Introducing Clients to New Technology

Change can be scary. What if the new way of doing things doesn’t work as well as the old way? What if the technology keeps breaking? What if I can’t figure it out and they hire someone else who can? **Insert fearful emoji here**

These are valid fears, but just because change is scary doesn’t mean it isn’t worth it. When introducing new technology to your clients, it can often be frustrating to see apprehension, skepticism, or even anger at the differences. This is discouraging for everyone. Clients are discouraged that the new technology doesn’t solve all their problems, and the Developers are discouraged that the clients don’t like or even use their software. Fear not fellow nerd, I come with advice on how to smoothly integrate new technology into your clients lives!

An actual photograph of me talking to my grandparents. (Yes, we have a talking mouse in our house.)

According to Nexogy, a cloud solutions company well versed in introducing new technologies, there are three things that companies can do to ease the introduction of new technology. First, companies need to clearly communicate their intentions and the benefits of change. By explaining why this new tech is neccessary, companies can show that the new technology is designed to help their customers. If clients feel like IT cares, then they will be much more open to change.

The second suggestion from Nexogy is to give time for things to sink in. An excellent example of this is how Blake described the way Edward Jones bundles it’s software updates. Developers at Edward Jones could put out updates every 2 weeks like other software developer shops; however, their thousands of Financial Advisers rely on that technology to work the same way every time they need it. If Edward Jones changed the UI layout every 2 weeks it would confuse their Financial Advisers and they wouldn’t be able to conduct business which means that Edward Jones wouldn’t be able to conduct business.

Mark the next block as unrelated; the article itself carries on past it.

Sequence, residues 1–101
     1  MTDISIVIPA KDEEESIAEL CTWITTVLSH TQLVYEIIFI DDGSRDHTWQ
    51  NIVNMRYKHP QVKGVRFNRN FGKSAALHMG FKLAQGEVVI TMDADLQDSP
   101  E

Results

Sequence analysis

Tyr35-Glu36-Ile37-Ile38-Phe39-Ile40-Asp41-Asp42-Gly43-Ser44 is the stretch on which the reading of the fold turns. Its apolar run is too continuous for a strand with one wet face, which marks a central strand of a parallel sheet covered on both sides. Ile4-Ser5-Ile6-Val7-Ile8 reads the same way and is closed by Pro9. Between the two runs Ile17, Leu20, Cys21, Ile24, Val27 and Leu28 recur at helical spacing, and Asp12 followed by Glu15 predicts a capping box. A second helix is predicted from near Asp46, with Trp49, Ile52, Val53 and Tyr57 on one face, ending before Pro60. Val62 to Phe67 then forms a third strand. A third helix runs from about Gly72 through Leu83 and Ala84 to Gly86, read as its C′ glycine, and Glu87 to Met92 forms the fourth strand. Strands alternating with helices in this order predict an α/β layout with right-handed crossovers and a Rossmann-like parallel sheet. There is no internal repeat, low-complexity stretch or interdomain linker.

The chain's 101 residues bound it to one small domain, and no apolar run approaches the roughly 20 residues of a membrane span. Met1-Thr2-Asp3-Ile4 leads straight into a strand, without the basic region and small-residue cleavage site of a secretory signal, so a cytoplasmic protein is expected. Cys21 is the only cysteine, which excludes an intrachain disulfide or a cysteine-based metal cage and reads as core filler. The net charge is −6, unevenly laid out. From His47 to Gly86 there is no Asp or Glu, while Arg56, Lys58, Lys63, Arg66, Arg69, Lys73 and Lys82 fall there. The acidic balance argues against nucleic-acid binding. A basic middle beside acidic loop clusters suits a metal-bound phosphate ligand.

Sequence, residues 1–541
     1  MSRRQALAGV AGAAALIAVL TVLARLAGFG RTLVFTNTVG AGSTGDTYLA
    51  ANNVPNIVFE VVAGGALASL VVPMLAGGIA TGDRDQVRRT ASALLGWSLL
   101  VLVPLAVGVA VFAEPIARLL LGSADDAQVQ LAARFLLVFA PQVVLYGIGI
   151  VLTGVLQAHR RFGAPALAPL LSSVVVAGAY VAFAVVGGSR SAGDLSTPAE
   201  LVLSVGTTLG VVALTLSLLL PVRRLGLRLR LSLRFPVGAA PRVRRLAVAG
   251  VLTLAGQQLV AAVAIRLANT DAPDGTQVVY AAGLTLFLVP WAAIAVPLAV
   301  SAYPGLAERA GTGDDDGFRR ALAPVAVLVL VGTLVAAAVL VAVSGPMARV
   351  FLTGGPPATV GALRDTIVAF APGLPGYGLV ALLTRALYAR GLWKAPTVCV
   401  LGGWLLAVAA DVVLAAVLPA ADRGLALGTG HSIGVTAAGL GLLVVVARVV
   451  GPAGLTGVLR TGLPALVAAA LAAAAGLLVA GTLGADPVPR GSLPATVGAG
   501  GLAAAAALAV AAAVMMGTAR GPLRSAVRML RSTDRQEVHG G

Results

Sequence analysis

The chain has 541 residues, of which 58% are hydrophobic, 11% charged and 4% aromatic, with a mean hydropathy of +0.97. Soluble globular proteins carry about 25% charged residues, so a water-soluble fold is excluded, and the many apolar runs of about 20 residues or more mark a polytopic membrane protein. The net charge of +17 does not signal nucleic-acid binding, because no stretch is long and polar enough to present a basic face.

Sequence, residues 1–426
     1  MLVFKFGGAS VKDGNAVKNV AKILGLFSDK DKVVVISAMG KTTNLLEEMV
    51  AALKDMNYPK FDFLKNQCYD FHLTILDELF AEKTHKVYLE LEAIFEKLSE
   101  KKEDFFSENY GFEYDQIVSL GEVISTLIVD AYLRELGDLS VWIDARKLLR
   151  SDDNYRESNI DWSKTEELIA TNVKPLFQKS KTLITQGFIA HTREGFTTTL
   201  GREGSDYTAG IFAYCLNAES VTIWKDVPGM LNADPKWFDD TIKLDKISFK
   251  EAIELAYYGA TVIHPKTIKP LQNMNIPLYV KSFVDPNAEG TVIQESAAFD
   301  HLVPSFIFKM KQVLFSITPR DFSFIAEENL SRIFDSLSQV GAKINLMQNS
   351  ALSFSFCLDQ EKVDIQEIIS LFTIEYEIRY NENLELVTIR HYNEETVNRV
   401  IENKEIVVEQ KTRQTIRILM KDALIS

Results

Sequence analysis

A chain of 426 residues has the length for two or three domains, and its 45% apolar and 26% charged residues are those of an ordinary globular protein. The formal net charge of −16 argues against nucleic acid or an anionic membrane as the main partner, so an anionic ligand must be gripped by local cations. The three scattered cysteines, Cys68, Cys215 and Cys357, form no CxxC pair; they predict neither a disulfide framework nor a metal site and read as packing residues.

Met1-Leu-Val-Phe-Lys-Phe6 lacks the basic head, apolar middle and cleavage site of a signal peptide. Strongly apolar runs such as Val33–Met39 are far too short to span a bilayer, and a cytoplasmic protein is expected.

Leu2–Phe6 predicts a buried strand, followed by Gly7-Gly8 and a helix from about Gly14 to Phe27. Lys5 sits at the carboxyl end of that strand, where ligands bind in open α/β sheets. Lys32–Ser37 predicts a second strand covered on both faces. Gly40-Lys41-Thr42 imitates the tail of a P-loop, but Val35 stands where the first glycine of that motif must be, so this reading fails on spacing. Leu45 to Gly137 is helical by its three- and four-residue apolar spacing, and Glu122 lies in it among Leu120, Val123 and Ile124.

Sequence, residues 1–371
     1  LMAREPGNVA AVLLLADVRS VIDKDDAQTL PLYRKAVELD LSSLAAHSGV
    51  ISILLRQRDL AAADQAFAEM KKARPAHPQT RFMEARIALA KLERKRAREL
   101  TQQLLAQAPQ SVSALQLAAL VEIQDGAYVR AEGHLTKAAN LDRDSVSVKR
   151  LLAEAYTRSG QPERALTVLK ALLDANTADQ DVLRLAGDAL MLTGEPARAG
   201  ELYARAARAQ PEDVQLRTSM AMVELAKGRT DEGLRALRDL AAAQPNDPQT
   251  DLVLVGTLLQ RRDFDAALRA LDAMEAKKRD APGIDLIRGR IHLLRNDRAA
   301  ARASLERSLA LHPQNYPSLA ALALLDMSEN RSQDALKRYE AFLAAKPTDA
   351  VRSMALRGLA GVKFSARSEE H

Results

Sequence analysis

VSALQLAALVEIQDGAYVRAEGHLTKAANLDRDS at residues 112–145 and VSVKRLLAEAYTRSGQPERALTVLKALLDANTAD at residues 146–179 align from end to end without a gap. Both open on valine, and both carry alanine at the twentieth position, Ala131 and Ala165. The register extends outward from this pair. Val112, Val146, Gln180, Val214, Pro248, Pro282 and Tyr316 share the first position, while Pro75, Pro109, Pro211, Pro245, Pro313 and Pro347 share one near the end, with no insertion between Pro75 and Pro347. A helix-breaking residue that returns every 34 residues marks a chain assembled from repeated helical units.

The last piece of advice from Nexogy is to Encourage Feedback from customers. Gathering feedback can sometimes be painful, but it is necessary if you want to create technology that customers will use.

An actual photo of Kay Deloy Cole trying to show Wilson Thomas Hogue his new invention.

Another company with tips on introducing new technology is Presidential Pools, Spas, & Patios. I relate to this company greatly since me pappy operates a pool & spa retailer in central IL. Presidential Pools recommends acting like a new technology has always been there. While this sounds counter-intuitive it can work very well in some situations. If a new technology is unimportant to a customer but important to your company it is not necessary to explicitly explain the new technology to a customer. For example, if a search engine improves efficiency on their backend, it doesn’t need to explain this as a selling point to a customer. If the client cares about such things, they will ask, otherwise act as if it has always been this way.

Another organization that is constantly shipping clients new technology is Jostle. Jostle builds employee intranet products to connect employees in an organization and they are constantly introducing new technologies. The greatest piece of advice they have is to make sure the new technology is something everyone, not just you, will benefit from. If a customer doesn’t benefit from a UI change (like making a text-box a 1 Million item drop down because it makes your life easier) then it probably shouldn’t be done. You can check whether clients want a change by using Jostles 3rd tip: engage a champion. Find a client (or clients) and ask them what they think of the proposed changes. Getting feedback before “going live” could save your bacon.

Follow those tips and you will probably be OK.